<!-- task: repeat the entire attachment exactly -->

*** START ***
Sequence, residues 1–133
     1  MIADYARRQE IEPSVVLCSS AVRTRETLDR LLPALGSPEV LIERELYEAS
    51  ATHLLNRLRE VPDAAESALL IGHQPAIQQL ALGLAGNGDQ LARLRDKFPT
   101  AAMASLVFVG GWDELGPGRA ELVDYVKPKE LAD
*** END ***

Sequence, residues 1–133
     1  MIADYARRQE IEPSVVLCSS AVRTRETLDR LLPALGSPEV LIERELYEAS
    51  ATHLLNRLRE VPDAAESALL IGHQPAIQQL ALGLAGNGDQ LARLRDKFPT
   101  AAMASLVFVG GWDELGPGRA ELVDYVKPKE LAD